Presentation on theme: "Letter search task Task, Environmental structure, and Illumination Influences on Posture Cedrick T. Bonnet 1, Claudia Carello 1, Jeffrey M. Kinsella-Shaw."— Presentation transcript:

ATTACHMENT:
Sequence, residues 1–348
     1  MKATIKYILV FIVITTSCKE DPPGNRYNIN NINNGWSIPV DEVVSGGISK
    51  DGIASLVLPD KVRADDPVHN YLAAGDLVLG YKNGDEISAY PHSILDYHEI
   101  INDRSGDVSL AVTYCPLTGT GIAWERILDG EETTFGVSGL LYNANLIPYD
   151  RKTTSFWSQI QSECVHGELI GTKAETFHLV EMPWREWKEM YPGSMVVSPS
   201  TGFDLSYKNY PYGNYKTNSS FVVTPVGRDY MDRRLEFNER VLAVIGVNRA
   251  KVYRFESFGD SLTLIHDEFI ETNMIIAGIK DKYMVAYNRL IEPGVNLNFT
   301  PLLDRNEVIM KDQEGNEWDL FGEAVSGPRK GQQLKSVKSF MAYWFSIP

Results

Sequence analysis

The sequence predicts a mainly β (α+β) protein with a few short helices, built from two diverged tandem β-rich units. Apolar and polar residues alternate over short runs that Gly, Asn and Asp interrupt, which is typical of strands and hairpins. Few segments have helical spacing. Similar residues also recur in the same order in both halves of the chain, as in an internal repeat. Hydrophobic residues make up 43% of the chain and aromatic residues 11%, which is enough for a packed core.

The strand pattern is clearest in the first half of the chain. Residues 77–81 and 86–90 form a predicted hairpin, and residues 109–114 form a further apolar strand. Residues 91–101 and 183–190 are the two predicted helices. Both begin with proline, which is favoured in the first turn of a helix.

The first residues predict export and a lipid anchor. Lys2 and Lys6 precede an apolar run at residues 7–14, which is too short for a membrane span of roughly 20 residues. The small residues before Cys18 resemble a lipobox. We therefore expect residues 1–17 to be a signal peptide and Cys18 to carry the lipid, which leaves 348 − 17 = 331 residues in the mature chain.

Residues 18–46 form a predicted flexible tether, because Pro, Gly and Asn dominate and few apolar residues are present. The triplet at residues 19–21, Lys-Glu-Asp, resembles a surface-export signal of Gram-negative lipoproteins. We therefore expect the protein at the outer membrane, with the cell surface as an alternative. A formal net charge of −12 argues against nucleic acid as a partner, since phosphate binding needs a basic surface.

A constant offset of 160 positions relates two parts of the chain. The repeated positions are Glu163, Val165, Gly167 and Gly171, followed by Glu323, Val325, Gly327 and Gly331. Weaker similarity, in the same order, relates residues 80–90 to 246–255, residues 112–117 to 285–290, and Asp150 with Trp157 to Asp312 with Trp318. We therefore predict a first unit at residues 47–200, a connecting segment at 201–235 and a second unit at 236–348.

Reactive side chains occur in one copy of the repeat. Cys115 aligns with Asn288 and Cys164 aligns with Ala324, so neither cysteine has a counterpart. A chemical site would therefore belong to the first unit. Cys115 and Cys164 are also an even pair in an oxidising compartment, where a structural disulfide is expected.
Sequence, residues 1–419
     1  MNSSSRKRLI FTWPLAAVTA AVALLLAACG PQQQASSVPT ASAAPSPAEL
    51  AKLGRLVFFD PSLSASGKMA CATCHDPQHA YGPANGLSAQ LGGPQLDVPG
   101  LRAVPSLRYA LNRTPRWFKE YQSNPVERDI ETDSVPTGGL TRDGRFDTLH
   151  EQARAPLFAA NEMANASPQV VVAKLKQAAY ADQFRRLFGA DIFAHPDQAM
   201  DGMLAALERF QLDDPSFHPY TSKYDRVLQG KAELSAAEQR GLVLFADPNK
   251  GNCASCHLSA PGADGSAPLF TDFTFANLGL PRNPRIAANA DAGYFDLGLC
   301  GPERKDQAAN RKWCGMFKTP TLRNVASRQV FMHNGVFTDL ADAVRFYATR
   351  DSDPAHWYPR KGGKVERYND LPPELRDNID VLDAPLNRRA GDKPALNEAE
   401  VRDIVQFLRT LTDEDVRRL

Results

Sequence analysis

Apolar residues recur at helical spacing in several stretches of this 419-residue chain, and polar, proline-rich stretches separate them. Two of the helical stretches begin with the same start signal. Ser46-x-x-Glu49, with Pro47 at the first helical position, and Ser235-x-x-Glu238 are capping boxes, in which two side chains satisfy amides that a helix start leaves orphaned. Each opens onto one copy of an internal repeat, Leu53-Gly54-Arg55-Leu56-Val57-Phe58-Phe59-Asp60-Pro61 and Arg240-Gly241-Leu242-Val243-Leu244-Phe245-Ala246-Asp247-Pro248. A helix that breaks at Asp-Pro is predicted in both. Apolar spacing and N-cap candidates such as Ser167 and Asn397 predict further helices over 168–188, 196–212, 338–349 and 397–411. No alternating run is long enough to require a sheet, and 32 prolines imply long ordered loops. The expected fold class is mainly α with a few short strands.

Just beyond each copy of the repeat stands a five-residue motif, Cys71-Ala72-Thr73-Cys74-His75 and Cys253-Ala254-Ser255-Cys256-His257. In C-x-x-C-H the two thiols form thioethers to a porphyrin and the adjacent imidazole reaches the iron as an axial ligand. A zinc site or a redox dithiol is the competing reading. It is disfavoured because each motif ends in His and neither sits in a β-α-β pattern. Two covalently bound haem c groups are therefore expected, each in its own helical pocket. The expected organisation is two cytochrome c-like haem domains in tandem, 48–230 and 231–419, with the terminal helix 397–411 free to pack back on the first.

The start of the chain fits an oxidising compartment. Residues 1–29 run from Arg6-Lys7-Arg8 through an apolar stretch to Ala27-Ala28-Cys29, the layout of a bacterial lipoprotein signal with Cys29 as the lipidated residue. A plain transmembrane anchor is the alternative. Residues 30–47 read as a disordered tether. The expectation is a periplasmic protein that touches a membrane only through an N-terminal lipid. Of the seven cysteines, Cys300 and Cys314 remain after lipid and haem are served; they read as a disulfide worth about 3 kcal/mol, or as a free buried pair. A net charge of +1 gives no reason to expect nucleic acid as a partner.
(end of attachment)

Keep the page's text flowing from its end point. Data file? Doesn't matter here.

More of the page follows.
letter search task Task, Environmental structure, and Illumination Influences on Posture Cedrick T. Bonnet 1, Claudia Carello 1, Jeffrey M. Kinsella-Shaw 1,2, Deborah Bubela 1,2, and M. T. Turvey 1 1 CESPA 2 Department of Physical Therapy, University of Connecticut, Storrs, CT, U.S.A. INTRODUCTION The Problem: Old fall more than young Relationships between postural fluctuation and incidence of fall have been found (Campbell, Borrie, & Spears, 1989). Will the goal-directedness of the supra-postural visual search task interact with the influences of passive visual factors and age (cf. Riccio & Stoffregen, 1988)? Environment Task Organism Postural activity can be understood in the context of three sources of constraint: organism, task, and environment (e.g., Slobounov & Newell, 1994). The Context Experiment 1 (E1): grating array vs. blank background Experiment 2 (E2): low vs. high level of illumination 440 lux 3 lux Environment Task Organism Two Experiments Young vs. Old vs. Visual Search (with a text target) Visual Fixation (with a blank target) METHOD Organism 12 younger adults (college students) and 12 older adults (65+ years of age) were enclosed by three white sheet walls (Figure 1 a). Environment E1: Background. Three rows of nine rods (92 cm high) comprised the grating array (Figure 1b, left); white poster board provided a blank background (Figure 1b, right). E2: Illumination. High illumination (440 lux) was at a level comparable to normal room lighting (Figure 1b, left); low illumination (3 lux) approximated the functional limit of recognition vision (Figure 1c, right). Task A text or blank target (visual angle ≈ 13 14 o ) was mounted on the front of the grating or white board. For the visual search task, participants reported how many times a specified letter appeared; for the visual fixation task, participants simply fixated the smaller blank card (cf. Stoffregen, Pagulayan, Bardy, & Hettinger, 2000). A trial lasted 35 s; faster readers should get further in the passage (and, consequently, a higher absolute letter score). (b) E1: 2 (Background) 2 (Task)(c) E2: 2 (Illumination) 2 (Task) (a) Posture for E1 and E2 Figure 1. Participants stood barefoot with left and right feet on separate force platforms (a). In E1, a text or blank target was mounted on the front of a dowel array or a large white board (b). In E2, the text or blank target was mounted on the front of a large white board in bright or dim illumination. RESULTS—VISUAL SEARCH Both speed (number of letters found in a 35 s trial) and accuracy (proportion of letters found given how much a participant read) were evaluated (Table 1). Although the number of letters counted was significantly higher for young people, t(22) > -2.33, p <.05, indicating faster reading, the mean proportion correct did not differ for the two age groups in either experiment, t(22) < 1. Table 1. Visual Search Task Mean (with SD) for Reading Speed and Accuracy Old AdultsYoung Adults E1speed 18.30 (3.33)21.92 (4.21) accuracy 34.38% (22%) 32.29% (33%) E2speed 11.74 (2.52) 14.70 (2.64) accuracy 22.92% (23.13%) 22.92% (23.74%) RESULTS—POSTURE Table 2 shows means (and standard deviations) from E1. It also shows the results of the planned t- tests, either independent t-tests (between young and old) for both blank target and text target conditions, or the paired t-tests (between blank target and text target conditions) for both old and young adults. (* indicates a significant difference between age groups; + indicates a significant difference between both tasks for a particular group (p <.05). Statistical Analyses of Posture. A variety of linear dependent measures were evaluated in 2 (environment) 2 (task) 2 organism) ANOVAs: standard deviation of fluctuation in the anterior- posterior direction (SD AP ), standard deviation of fluctuation in the medial-lateral direction (SD ML ), path length of the COP excursion, and ellipse area traced by the COP. Nonlinear measures included detrended fluctuation analysis DFA AP and DFA ML and, from the recurrence quantification analysis, the percentage of recurrent points (%REC AP and %REC ML ) and the longest string of recurrent points (MAX AP and MAX ML ) SD AP SD ML Path length Ellipse areaDFA AP DFA ML % REC AP % REC ML MAX AP MAX ML Age Old 0.44* (0.14) 0.32* (0.21) 40.39* (12.98) 1.69* (1.33) 1.51 (0.10) 1.46 (0.13) 3.02 (3.03) 3.96 (4.40) 830.60 (566.55) 909.21 (664.26) Young 0.33* (0.15) 0.18* (0.10) 31.48* (6.66) 0.78* (0.74) 1.51 (0.08) 1.36 (0.13) 3.28 (2.49) 2.90 (2.83) 898.49 (581.28) 549.29 (530.85) Task Old 0.42* (0.17) 0.21* (0.12) 36.02 (8.42) 1.12 (1.02) 1.51 (0.09) 1.39* (0.14) 3.03 (2.17) 2.57* (2.61) 854.56 (508.80) 616.98* (671.83) Young 0.36* (0.13) 0.29* (0.22) 35.85 (13.51) 1.35 (1.30) 1.50 (0.09) 1.43* (0.13) 3.27 (3.27) 4.30* (4.41) 874.53 (634.13) 841.53* (558.65) Blank Old 0.45 (0.16) 0.25+ (0.14) 39.38* (8.78) 1.34 (1.17) 1.51 (0.10) 1.43+ (0.14) 2.35 (1.61) 2.80 (2.64) 711.5 (466.7) 795.6+ (764.9) Young 0.40+ (0.17) 0.17 (0.10) 32.66*+ (6.65) 0.90 (0.82) 1.52+ (0.07) 1.34 (0.14) 3.71 (2.45) 2.34 (2.62) 997.7 (518.1) 438.3+ (520.4) Text Old 0.44* (0.11) 0.40*+ (0.25) 41.40* (16.28) 2.05* (1.42) 1.52 (0.09) 1.49*+ (0.11) 3.70 (3.90) 5.13 (5.42) 949.7 (639.1) 1022.8+ (538.3) Young 0.28*+ (0.11) 0.19* (0.10) 30.29*+ (6.61) 0.66* (0.65) 1.49+ (0.09) 1.37* (0.12) 2.85 (2.51) 3.46 (2.98) 799.3 (633.6) 660.2+ (528.6) Table 2. Statistical Evaluation of Posture Measures in Experiment 1. Postural fluctuation, E1. ANOVAs revealed significant main effects of age and task as well as their interaction, p <.05. Generally, older adults fluctuated more than younger adults. The task effect depended on age, with the particular Task Age interaction differing for different measures (Figure 2). (a ) (b ) (c ) (d ) Figure 2. The search task reduced SD AP for younger adults (a) but increased SD ML for older adults (b). Two nonlinear measures, %REC (c) and MAXLINE (d), paralleled each other: an increase for older adults and a decrease for younger adults. Postural fluctuation, E2. ANOVAs revealed significant main effects of age, task, and illumination, p <.05, as well as interactions of task with age (Figure 3 a and b) and task with illumination interaction (Figure 3c), p <.05. For the main effect of illumination, SD AP and MAX ML were lower with high illumination than low illumination. The influence of task depended on measure: The search task decreased SD AP and COP path length but increased DFA ML. (a) (b) (c) Figure 3. For younger adults, the search task reduced ellipse area (a) and MAX AP (b). The search task decreased DFA AP under high illumination only. SUMMARY AND CONCLUSION Overall, older adults fluctuated more than younger adults. The structure of the environment surrounding the target did not influence postural fluctuation (E1) for either age group. The influence of level of illumination (E2) was age-specific: Older adults fluctuated more when the level of illumination was low (replicating Kinsella-Shaw, Harrison, Colon-Semenza, & Turvey, 2006). The supra-postural visual search task was the most important constraint in reducing postural fluctuation in younger adults (Prado, Duarte, & Stoffregen, 2007; Stoffregen et al., 2000). Given that this was not the case for older adults, it suggests that they may engage in different postural behaviors than younger adults. This research was supported by a grant from the Provost of the University of Connecticut to the Collaboratory of Rehabilitation Research REFERENCES Campbell, A. J., Borrie, M. J., & Spears, G. F. (1989). Risk factors for falls in a community-based prospective study of people 70 years and older. Journal of Gerontology, 44, M112-M117. Kinsella-Shaw, J. M., Harrison, S. J., Colon-Semenza, C., & Turvey, M. T. (2006). Effects of visual environment on quiet standing by young and old adults. Journal of Motor Behavior, 38, 251-264. Prado, J. M., Duarte, M., & Stoffregen, T. A. (2006). Postural sway during dual tasks in young and elderly adults. Riccio, G. E., & Stoffregen, T. A. (1988). Affordances as constraints on the control of stance. Human Movement Science, 7, 265-300. Slobounov, S. M. & Newell, K. M. (1994). 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